Music to help the deaf and the depressed
Professor Asoke K. Nandi studies the patterns that music generates in the brain. With the help of these patterns people may in the future be able to hear without ears.
“If different music produces different responses in the brain, it may be possible to represent music in the brain through electrical impulses,” says Nandi.
If Professor Nandi’s research objective is realised, it could help the hearing-impaired to hear. However, Nandi still modestly calls his objective a sci-fi story. Firstly, we have to find out whether the responses generated by music in the brain really differ from one another and in which part of the brain they occur.
His FiDiPro (Finland Distinguished Professor Programme) research project, which is based on machine learning, offers basic research as a foundation for achieving this objective. The project also aims to develop tools for recording and analysing the signals conveyed by the brain.
In functional magnetic resonance imaging the brain is represented by about a million constituent parts, each of whose response to music (or other stimuli) is recorded. “In other words, picking out useful data is something like trying to find a needle in a haystack,” Nandi explains.
Even if the FiDiPro project’s results do not make it possible for a deaf person to listen to a symphony in the near future, the other applied research involved in the project may bring concrete results, Nandi believes. The brain’s reactions to music can be used in music therapy, where depression, for example, can be treated by electrical stimulation of the brain.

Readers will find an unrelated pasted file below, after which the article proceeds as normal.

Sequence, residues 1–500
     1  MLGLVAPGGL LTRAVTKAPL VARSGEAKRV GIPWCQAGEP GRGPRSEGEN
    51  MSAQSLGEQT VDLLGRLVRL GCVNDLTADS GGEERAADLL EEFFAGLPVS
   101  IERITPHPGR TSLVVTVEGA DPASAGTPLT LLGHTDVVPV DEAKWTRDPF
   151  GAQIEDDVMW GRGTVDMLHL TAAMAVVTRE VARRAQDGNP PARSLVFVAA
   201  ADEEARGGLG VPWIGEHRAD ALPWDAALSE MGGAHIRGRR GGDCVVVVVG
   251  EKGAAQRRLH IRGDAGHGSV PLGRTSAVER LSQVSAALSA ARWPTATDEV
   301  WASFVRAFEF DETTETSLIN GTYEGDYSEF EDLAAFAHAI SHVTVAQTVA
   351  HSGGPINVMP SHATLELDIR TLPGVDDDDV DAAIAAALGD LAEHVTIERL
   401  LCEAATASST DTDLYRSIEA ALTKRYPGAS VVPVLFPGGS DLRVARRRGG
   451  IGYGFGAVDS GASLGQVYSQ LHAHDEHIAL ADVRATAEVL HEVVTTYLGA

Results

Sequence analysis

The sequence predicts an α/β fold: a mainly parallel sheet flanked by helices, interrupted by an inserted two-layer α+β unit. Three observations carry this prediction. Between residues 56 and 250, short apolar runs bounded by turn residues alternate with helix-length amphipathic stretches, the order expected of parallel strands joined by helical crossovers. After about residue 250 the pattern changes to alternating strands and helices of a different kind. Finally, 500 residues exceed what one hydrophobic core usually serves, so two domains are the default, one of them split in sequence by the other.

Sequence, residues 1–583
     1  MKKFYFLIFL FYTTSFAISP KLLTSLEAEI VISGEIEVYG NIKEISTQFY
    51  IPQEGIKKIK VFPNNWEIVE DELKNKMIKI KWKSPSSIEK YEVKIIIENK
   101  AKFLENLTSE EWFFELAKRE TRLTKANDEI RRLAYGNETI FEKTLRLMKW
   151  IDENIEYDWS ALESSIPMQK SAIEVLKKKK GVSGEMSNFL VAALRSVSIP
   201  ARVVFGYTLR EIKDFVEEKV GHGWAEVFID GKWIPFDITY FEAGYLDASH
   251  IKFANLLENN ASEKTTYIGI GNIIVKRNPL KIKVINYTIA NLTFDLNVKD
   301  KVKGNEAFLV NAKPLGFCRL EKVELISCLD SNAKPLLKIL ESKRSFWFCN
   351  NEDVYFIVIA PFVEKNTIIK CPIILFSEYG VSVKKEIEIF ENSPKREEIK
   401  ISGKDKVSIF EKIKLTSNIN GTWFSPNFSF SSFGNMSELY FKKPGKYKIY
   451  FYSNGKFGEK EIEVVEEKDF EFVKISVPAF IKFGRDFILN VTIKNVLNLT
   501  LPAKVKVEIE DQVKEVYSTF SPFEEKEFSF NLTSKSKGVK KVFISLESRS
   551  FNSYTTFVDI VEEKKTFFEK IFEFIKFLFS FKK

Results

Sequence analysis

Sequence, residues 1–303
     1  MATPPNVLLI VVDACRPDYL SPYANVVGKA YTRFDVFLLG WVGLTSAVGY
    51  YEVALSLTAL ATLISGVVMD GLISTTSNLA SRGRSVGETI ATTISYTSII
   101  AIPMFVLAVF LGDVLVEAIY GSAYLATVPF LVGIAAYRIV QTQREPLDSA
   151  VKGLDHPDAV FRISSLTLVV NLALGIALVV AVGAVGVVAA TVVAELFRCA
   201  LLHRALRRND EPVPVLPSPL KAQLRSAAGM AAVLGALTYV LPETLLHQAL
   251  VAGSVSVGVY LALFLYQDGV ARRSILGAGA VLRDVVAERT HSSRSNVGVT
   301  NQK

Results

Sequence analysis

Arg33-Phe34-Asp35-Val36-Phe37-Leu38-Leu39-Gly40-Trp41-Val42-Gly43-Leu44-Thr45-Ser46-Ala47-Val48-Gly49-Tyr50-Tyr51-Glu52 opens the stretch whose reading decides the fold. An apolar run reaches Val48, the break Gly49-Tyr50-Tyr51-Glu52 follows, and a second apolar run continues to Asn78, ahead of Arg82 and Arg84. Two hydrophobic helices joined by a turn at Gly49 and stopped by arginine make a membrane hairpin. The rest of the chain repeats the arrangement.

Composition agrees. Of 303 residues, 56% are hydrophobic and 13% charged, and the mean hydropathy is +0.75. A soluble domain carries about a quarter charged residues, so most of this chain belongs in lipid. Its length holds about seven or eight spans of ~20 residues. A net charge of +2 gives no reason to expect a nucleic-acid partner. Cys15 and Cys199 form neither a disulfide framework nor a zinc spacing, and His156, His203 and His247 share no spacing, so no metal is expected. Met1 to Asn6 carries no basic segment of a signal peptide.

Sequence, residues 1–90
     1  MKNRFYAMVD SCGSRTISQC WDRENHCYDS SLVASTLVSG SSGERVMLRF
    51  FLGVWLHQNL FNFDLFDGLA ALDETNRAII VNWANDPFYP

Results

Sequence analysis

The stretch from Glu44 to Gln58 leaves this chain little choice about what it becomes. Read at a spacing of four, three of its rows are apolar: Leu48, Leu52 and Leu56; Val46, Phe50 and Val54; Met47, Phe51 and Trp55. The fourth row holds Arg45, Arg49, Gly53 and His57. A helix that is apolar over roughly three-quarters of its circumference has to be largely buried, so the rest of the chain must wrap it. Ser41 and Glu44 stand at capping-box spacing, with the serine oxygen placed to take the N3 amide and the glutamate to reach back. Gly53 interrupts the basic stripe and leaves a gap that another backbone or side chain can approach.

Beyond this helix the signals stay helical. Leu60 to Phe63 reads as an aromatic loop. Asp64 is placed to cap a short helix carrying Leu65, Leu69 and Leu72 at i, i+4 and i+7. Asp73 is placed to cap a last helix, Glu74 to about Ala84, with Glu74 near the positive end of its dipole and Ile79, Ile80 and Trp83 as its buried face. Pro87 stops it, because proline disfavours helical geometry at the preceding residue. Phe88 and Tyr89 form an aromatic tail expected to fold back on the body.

In addition, the research may lead to applications for the entertainment industry. According to Nandi, the companies involved in the FiDiPro project are interested specifically in research that investigates the origins of musical preferences and the principles governing musical choices.
Another theme of applied research is the pronunciation of English. Nandi believes that learning a language can be made easier by finding the most essential rules governing pronunciation.
“Finland should specialise”
Asoke K. Nandi is a professor at the University of Liverpool, which is known for its research into signal processing and machine learning.
During his FiDiPro professorship, he researches at the University of Jyväskylä’s Faculty of Information Science. The brain reaction measurements are carried out at Aalto University’s Brain Research Unit. From the Academy of Finland, two Centres of Excellence are involved in the cross-disciplinary project: Interdisciplinary Music Research and Learning, and Motivation Research. The project, started in 2010, will continue until August 2014.
According to Nandi it is important that the FiDiPro professorship enables him to be physically present in the research project. He considers it would be worth attracting more international researchers to Finland. Visiting researchers are needed to pass on information about the achievements of Finland’s scientific community. “Usually research is made known internationally through publication in scientific journals, which is necessary, but not sufficient,” Nandi points out.
Professor Nandi also believes that by specialising, Finland could strengthen its position in the global scientific community.
“Finland is not a particularly big or densely populated country, and therefore it cannot possibly do everything.”
In Nandi’s view Finland should decide in what fields it wants to succeed. One of these could well be research into the human mind through brain signal processing and machine learning.
“We already use music to alter our moods, but it offers very much wider possibilities than are at present realised,” says FiDiPro Professor Asoke K. Nandi.
Text: Anna Kauppi